On Thursday, April 4th, 70-year old, legendary film critic Roger Ebert succumbed to his long bout with cancer. The news of his passing saddens me a great deal, because aside from his revered status in the film world, he was truly a passionate lover of great storytelling.
One of the things I respected and admired in Roger Ebert was his ability to tell it like it is. If he thought a film was crap—he said so. If he thought a film was phenomenal—he said so as well. I didn’t always agree with his assessment, but what I did appreciate was his ability to put things in their proper context. This is something that frequently gets lost with a lot of critics who feel that if a story isn’t some serious, high-drama art piece—it does not deserve respect or appreciation.
This is so fundamentally flawed, and indicative of an elitist mentality, that judges the common folk’s intellectual capacity to be inferior to the learned academic’s. For me, stories are in everything, but more importantly, stories have different functions. Some stories are there to make you think; some stories are there to make you cry. Some stories remind us of our hi-story; while some touch upon the issues of today. And still, there are stories that scare the shit out of you, while others make you laugh until you pee in your pants. The beauty of having diversity in storytelling is that we can capture the entire spectrum of the human experience.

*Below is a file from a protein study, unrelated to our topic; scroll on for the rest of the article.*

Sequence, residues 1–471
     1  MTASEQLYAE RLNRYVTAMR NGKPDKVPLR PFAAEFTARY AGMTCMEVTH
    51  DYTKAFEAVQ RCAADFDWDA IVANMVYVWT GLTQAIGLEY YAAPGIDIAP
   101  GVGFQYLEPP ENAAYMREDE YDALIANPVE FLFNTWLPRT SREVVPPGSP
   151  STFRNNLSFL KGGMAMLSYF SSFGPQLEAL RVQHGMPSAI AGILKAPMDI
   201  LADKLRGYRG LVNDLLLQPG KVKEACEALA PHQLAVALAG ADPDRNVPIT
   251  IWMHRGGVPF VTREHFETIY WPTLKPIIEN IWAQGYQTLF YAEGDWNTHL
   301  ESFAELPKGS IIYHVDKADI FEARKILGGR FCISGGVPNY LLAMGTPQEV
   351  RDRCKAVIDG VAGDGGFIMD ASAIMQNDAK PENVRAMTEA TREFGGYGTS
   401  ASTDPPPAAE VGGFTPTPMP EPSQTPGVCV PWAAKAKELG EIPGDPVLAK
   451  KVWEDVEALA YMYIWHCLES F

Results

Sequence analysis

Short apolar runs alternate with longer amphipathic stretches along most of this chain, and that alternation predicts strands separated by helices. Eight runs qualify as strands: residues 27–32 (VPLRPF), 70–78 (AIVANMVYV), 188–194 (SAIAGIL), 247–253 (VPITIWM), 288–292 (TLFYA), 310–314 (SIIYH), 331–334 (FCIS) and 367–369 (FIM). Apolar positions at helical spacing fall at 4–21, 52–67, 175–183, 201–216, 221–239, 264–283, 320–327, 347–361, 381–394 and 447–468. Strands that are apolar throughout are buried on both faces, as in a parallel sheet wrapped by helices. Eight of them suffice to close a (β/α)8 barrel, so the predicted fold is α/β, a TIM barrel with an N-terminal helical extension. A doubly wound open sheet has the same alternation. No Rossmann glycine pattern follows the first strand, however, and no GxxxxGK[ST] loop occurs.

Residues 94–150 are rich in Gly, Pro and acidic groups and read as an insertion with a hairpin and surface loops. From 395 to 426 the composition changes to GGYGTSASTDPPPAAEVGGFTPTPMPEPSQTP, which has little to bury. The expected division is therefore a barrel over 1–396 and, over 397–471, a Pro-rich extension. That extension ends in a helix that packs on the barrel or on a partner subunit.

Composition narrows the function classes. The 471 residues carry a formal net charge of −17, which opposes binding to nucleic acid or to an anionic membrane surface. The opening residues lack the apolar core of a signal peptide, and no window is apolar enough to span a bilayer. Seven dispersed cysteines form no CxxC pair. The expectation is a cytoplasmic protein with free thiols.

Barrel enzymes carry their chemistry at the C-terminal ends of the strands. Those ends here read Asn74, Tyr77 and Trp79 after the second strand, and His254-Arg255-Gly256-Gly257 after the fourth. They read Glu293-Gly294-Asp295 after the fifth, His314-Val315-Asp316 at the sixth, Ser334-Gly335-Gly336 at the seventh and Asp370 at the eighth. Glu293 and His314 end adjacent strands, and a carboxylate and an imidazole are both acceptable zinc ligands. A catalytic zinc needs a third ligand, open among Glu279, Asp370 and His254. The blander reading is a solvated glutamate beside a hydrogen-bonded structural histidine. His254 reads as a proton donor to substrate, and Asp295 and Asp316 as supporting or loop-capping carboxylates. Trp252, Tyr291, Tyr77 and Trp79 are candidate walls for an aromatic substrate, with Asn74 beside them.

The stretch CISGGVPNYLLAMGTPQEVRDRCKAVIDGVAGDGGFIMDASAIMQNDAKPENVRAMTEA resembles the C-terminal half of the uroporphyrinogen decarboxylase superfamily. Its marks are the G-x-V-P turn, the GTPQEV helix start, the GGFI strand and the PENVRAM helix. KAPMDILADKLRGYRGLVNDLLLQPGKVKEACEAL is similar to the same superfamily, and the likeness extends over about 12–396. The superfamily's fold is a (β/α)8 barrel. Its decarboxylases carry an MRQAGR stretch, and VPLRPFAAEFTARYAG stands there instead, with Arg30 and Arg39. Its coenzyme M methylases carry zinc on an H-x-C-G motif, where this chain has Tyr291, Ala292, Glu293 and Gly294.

The world of cinema is perhaps the most powerful medium of storytelling in human history. It has affected and changed our lives in the most profound ways. Perhaps, the biggest, is its portrayal of the human story. As a lover of this art form, Roger Ebert moved, inspired, and challenged us to share in this passion. He reminded us of the importance of being engaged in the world of moving images and words, and in spite of his own devastating and dramatic life story—he never wavered from this. It is this passion and love that in my opinion, makes him a legend.